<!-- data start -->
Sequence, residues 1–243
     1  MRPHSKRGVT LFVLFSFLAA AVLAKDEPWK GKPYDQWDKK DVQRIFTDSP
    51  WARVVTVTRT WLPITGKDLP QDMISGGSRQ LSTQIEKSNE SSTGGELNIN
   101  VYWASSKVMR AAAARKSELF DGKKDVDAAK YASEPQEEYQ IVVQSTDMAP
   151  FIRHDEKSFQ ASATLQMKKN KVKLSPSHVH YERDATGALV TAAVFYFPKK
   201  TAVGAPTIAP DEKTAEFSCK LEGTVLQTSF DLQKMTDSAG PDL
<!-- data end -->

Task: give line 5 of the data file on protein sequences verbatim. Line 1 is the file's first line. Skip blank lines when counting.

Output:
   151  FIRHDEKSFQ ASATLQMKKN KVKLSPSHVH YERDATGALV TAAVFYFPKK